Always Have A Servant Mentality: Leadership Advice From Larry Mondry

Larry Mondry, CEO of Stream

By Yitzi Weiner

“Always have a servant mentality. This is a simple one. You get what you give in this world. Remember to be humble, compassionate and committed to the growth of your people.”
I had the pleasure of speaking with Larry Mondry, president and CEO of Stream — a leading direct selling company and provider of connected life services. Larry’s leadership philosophy is simple: leaders should be warm, transparent and sincere; but ultimately results oriented, expecting accountability from their teams.

What is your “backstory”?

I have what I guess you would call a “humble beginnings” kind of story. I started working when I was 11 years old as a stock boy pulling in $1.60 an hour. From there, I held just about every job you could imagine, slowly working my way up, all the while thinking of my family. My father was the only one on his side to survive the Holocaust, so I had this need to do the things my family never had the chance to do.

By the time I came to Stream, I’d built up a decent resume. I was drawn here because I felt like this was a very special company at a very special time in its history. I’m excited to be a part of making Stream even better, even bigger. And to me, there’s no greater feeling than success like that — not money, but accomplishment — fulfilling a purpose.

Can you share the funniest or most interesting story that occurred to you in the course of your career?

The most interesting thing to happen during the course of my career was definitely having dinner at Bill Gates’ house. These were serious people in attendance, the brightest minds you can think of with their crazy, cutting-edge ideas. Warren Buffet was there. Someone offered to 3D print me an alarm clock, and this was back in 2004 or 2005.

We walked through Bill’s house, saw his trampoline room, his library with a personal curator and an original, 16-century da Vinci manuscript. Then, Bill walked through the door, and his little girls ran up to him, wrapped their arms around his legs to welcome him home. I was so struck by that because it reminded me that we all put our pants on one leg at a time. He’s a regular guy, a father, a husband. Success, being one of the most influential people on earth, didn’t change any of that.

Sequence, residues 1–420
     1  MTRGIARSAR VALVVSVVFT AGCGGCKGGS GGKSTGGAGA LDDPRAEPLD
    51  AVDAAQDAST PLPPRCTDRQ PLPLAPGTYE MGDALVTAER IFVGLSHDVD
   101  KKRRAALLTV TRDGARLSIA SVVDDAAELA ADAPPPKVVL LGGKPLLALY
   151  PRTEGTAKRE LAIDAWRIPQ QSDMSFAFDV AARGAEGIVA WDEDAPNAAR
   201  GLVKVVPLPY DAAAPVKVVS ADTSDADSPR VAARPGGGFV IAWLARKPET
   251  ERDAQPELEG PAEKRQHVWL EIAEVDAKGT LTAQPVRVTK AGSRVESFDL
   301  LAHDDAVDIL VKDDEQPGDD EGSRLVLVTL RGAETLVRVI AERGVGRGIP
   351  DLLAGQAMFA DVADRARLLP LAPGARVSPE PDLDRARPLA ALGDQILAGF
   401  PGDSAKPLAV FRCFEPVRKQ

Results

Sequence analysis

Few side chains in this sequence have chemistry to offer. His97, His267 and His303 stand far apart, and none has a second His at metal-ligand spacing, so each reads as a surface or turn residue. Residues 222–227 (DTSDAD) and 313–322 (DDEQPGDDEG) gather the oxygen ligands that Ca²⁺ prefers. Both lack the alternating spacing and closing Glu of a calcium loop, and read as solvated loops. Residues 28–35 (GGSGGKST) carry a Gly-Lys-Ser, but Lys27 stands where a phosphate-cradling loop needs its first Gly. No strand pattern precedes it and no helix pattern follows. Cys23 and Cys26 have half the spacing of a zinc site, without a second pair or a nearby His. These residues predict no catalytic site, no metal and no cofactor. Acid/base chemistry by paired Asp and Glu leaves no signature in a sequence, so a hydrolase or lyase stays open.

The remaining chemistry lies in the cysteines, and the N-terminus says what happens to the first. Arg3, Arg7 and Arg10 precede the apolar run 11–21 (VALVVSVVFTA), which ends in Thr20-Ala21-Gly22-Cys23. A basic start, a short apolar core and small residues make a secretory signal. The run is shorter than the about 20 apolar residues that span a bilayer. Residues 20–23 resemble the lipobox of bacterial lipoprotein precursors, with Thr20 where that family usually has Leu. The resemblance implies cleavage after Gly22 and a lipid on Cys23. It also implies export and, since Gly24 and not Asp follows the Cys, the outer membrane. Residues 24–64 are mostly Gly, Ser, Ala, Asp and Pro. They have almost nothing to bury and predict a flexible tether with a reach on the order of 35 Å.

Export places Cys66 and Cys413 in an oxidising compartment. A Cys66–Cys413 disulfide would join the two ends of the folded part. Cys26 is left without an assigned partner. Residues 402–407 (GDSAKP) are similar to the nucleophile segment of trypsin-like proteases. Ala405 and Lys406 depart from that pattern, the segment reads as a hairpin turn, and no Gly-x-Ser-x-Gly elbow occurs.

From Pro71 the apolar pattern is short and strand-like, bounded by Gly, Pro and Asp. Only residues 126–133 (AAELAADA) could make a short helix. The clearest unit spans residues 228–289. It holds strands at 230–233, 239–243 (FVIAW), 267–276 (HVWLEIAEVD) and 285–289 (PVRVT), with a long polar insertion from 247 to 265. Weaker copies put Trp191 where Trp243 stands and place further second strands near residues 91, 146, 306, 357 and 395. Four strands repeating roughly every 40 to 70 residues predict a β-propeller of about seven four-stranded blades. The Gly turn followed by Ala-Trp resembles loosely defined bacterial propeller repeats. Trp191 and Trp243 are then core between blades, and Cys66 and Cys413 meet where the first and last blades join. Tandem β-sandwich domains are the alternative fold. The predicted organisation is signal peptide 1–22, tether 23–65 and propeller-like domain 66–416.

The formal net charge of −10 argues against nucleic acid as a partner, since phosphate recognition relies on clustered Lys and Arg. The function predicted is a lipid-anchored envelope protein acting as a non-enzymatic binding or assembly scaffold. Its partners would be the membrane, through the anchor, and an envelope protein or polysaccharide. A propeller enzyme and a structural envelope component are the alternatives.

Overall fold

Are you working on any meaningful nonprofit projects? How have you used your success to bring goodness to the world?

At Stream, we focus our philanthropic efforts on combatting homelessness in all its forms. Through Stream Cares and the Stream Cares Foundation, we do a lot of work and outreach, locally and nationally, especially with impacted children. We regularly partner with Splash for Hope to give homeless children a day of care-free fun at a local water park — a chance to really be a kid. And recently, many people in this country are facing homelessness as a result of natural disasters, so we’re doing our part to help bring some relief to those in need.

Can you tell me a story about a person who was impacted by your cause?

It has not been just a single person impacted by this cause, but many. We have a large community of Stream Independent Associates living in and around Houston. These are folks we consider family and, after the devastation of Hurricane Harvey, the rest of our Associate base recognized they needed help, and fast. They came together to raise funds for relief and Stream Cares matched the donations dollar for dollar, in addition to our contributions to the American Red Cross. I can’t tell you how uplifting it was to see that kind of compassion and love on such a huge scale.

What are your “5 things I wish someone told me when I first started” and why?

Hire for personality. A million people can do any given job. It’s more important to find that one person who really fits the culture, not just the resume requirements.

Trust your gut. To build on that idea: If someone isn’t right for a role, trust your gut. There’s never been a time when I let someone go, that I didn’t see it coming months in advance. You’re not doing them a favor by keeping them around if they could find the perfect opportunity somewhere else.

Always have a servant mentality. This is a simple one. You get what you give in this world. Remember to be humble, compassionate and committed to the growth of your people.

Your team is everything. Never assume you can go it alone. It takes more than one person to guide a ship. Nothing we do in the office, nothing we do in the field, is possible without the combined efforts of all of us working toward the same goal.

Win wars, not battles. Worry less about the little things. Instead, always look at the big picture. The rest will fall into place.

Is there a person in the world, or in the US whom you would love to have a private breakfast or lunch with, and why?

Jeff Bezos. From founding a monolithic company like Amazon in his garage, to pioneering recreational space travel — talk about drive. He’s innovative, but practical. He’s got a sharp business mind and he keeps the customer at the center of his universe. This guy has changed the world.

This was very inspiring. Thank you so much for joining us!

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